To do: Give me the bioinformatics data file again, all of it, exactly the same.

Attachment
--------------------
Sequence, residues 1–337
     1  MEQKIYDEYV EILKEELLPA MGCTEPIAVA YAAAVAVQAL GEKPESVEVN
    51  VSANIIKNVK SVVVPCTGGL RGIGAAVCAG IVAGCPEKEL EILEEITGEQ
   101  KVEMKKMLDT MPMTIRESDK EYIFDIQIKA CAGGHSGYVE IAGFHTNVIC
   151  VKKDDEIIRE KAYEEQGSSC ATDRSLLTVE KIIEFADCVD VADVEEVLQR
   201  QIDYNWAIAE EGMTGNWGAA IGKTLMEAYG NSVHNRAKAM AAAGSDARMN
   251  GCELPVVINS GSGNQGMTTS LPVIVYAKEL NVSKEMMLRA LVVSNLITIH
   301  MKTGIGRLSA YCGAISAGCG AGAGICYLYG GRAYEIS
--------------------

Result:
Sequence, residues 1–337
     1  MEQKIYDEYV EILKEELLPA MGCTEPIAVA YAAAVAVQAL GEKPESVEVN
    51  VSANIIKNVK SVVVPCTGGL RGIGAAVCAG IVAGCPEKEL EILEEITGEQ
   101  KVEMKKMLDT MPMTIRESDK EYIFDIQIKA CAGGHSGYVE IAGFHTNVIC
   151  VKKDDEIIRE KAYEEQGSSC ATDRSLLTVE KIIEFADCVD VADVEEVLQR
   201  QIDYNWAIAE EGMTGNWGAA IGKTLMEAYG NSVHNRAKAM AAAGSDARMN
   251  GCELPVVINS GSGNQGMTTS LPVIVYAKEL NVSKEMMLRA LVVSNLITIH
   301  MKTGIGRLSA YCGAISAGCG AGAGICYLYG GRAYEIS